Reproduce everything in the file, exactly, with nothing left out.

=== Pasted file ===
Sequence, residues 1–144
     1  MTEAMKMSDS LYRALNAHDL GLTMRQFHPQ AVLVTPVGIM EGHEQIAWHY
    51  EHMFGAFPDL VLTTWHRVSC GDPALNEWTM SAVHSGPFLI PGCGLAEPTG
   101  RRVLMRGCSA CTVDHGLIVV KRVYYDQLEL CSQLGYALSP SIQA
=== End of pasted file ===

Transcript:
Sequence, residues 1–144
     1  MTEAMKMSDS LYRALNAHDL GLTMRQFHPQ AVLVTPVGIM EGHEQIAWHY
    51  EHMFGAFPDL VLTTWHRVSC GDPALNEWTM SAVHSGPFLI PGCGLAEPTG
   101  RRVLMRGCSA CTVDHGLIVV KRVYYDQLEL CSQLGYALSP SIQA